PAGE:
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Charles de Lint: Mythic Fiction June 2003

Charles de Lint was born in The Netherlands but has lived most of his life around the city of Ottawa, Ontario. He sold his first stories in the late 1970s, and became a full-time writer in 1983. His many books include Moonheart (1984), winner of the first Crawford Fantasy Award, and a popular series revolving around the imaginary city of Newford, including collections Moonlight and Vines (1999) and Tapping the Dream Tree (2002), and novels Memory & Dream (1994), Trader (1997), Someplace to be Flying (1998), Forests of the Heart (2000), and The Onion Girl (2001). He is a 15-time World Fantasy Award finalist, and won in 2000 for Moonlight and Vines.

De Lint's writing is often labeled "urban" or "contemporary" fantasy, and is credited with making the subgenre popular, though de Lint prefers to call his work "mythic fiction." Among his Ottawa settings Moonheart (1984) and Spiritwalk (1992); he's written high fantasy in The Riddle of the Wren (1984) and others; and he's published horror beginning with Mulengro (1985), initially published under pseudonym Samuel M. Key. Next titles are children's book, A Circle of Cats, illustrated by Charles Vess, published in June 2003, and "Newford" novel Spirits in the Wires, due in August.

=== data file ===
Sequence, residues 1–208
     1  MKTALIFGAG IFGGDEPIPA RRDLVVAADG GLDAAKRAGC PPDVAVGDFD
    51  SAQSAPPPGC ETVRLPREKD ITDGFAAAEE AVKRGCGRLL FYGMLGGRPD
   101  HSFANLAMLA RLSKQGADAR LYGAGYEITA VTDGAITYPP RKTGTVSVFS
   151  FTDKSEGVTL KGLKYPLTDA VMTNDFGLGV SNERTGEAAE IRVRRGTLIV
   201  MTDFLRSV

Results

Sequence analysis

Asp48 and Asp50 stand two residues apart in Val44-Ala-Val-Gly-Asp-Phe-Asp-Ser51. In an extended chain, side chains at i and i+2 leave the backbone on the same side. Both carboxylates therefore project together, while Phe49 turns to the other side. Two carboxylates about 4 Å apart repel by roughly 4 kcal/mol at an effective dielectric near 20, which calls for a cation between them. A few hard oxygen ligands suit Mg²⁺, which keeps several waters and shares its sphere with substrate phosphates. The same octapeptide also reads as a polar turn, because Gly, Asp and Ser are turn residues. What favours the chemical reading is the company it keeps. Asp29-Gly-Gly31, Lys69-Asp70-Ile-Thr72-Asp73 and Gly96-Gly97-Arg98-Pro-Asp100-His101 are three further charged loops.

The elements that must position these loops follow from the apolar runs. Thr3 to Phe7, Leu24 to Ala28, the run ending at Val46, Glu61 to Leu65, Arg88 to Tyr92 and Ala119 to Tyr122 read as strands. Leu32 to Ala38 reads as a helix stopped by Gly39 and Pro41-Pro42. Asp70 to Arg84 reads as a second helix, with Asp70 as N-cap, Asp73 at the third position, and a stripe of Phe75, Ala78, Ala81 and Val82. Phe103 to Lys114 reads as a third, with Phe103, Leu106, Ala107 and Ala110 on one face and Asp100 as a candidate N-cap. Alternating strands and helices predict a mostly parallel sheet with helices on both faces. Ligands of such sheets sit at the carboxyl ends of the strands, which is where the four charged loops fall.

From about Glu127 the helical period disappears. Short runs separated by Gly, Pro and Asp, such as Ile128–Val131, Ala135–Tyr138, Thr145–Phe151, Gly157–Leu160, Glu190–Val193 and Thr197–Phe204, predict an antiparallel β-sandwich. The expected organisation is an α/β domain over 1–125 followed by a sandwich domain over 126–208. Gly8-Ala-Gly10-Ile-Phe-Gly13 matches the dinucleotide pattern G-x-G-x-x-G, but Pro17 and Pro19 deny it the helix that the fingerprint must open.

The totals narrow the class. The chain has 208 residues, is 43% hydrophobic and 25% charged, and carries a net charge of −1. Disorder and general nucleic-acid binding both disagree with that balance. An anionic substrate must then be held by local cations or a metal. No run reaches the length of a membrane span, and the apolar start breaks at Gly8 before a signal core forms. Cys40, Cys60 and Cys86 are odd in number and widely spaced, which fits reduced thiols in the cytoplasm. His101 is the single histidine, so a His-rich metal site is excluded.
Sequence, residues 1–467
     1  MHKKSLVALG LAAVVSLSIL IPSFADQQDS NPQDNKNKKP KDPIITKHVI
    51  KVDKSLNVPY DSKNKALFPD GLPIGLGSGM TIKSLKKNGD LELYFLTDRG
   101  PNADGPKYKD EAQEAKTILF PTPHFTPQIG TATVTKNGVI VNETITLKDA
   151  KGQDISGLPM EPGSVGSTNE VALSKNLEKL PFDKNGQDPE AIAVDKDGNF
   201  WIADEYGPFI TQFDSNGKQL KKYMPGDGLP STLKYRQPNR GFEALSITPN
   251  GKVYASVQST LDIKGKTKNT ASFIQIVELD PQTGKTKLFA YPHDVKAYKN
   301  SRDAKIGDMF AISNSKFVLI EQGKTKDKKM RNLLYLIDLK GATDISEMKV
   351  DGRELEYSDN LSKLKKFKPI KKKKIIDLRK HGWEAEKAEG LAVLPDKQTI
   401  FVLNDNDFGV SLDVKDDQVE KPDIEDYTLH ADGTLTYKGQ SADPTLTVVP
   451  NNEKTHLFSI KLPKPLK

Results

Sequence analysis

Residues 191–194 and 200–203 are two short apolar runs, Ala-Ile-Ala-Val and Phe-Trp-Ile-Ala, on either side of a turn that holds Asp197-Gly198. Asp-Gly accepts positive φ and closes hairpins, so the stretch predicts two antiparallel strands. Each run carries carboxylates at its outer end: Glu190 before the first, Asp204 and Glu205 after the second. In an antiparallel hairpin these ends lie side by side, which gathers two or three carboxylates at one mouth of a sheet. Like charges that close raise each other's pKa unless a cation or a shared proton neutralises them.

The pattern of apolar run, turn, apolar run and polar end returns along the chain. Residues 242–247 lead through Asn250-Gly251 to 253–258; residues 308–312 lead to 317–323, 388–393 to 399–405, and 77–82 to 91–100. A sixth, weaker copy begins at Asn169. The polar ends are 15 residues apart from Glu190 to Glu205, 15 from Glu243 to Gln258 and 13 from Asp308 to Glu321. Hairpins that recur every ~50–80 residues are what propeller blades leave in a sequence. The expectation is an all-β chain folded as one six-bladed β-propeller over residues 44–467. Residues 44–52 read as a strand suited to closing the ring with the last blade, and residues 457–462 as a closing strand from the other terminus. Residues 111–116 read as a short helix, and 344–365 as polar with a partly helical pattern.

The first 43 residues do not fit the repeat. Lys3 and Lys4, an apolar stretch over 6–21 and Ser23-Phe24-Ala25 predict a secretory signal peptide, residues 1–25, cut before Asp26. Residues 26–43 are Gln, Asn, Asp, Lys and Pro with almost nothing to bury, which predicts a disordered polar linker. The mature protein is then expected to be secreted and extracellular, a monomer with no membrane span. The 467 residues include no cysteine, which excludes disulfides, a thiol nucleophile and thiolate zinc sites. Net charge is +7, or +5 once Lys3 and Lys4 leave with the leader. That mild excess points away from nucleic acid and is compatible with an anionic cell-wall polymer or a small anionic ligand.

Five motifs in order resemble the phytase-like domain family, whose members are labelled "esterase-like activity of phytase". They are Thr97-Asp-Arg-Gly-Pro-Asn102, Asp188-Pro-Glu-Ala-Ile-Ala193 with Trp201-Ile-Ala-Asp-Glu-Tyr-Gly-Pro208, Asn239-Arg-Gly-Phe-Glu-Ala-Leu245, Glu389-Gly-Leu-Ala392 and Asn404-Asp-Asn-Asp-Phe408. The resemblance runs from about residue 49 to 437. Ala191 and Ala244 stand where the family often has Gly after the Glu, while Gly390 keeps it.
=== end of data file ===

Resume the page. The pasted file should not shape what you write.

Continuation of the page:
Photo by Beth Gwinn


Excerpts from the interview, conducted by Richard B. Brignall and Locus:

“My interest in other cultures probably comes from my boyhood. I was four months old when we immigrated to the Yukon in northern Canada. All I know about that is that we lived in a tarpaper shack on the main highway. Most of my growing up was in a very rural environment. We spent two years in Turkey (Ankara and Istanbul) when I was nine or ten, so I do remember it, but I wasn't running around on my own or anything. And we lived in Beirut for a while, back when it was the most beautiful city you can imagine -- a wonderful mix of modern and Arabic architecture. You'd be sitting in your modern apartment with the window open, and you'd hear the call for prayer.

"My dad was always interested in other cultures. He would bring back indigenous music from Lebanon, Turkey.... He was interested in ruins as well; if there were ruins in any area where we were, we would go see them. The last time we left Beirut, we drove in a Land Rover from Beirut to the Netherlands, all through the Middle East and Europe, and stopped at every ruin there was!”


“I now call my work 'mythic fiction,' a term created with my friend, Terri Windling, when we were sitting around talking, trying to figure out what to call what we write. She is a wonderful writer, and her fiction travels along similar roads to what I do. MaryAnn often says that Terri and I were twins in a past life; we have a lot of the same sensibilities.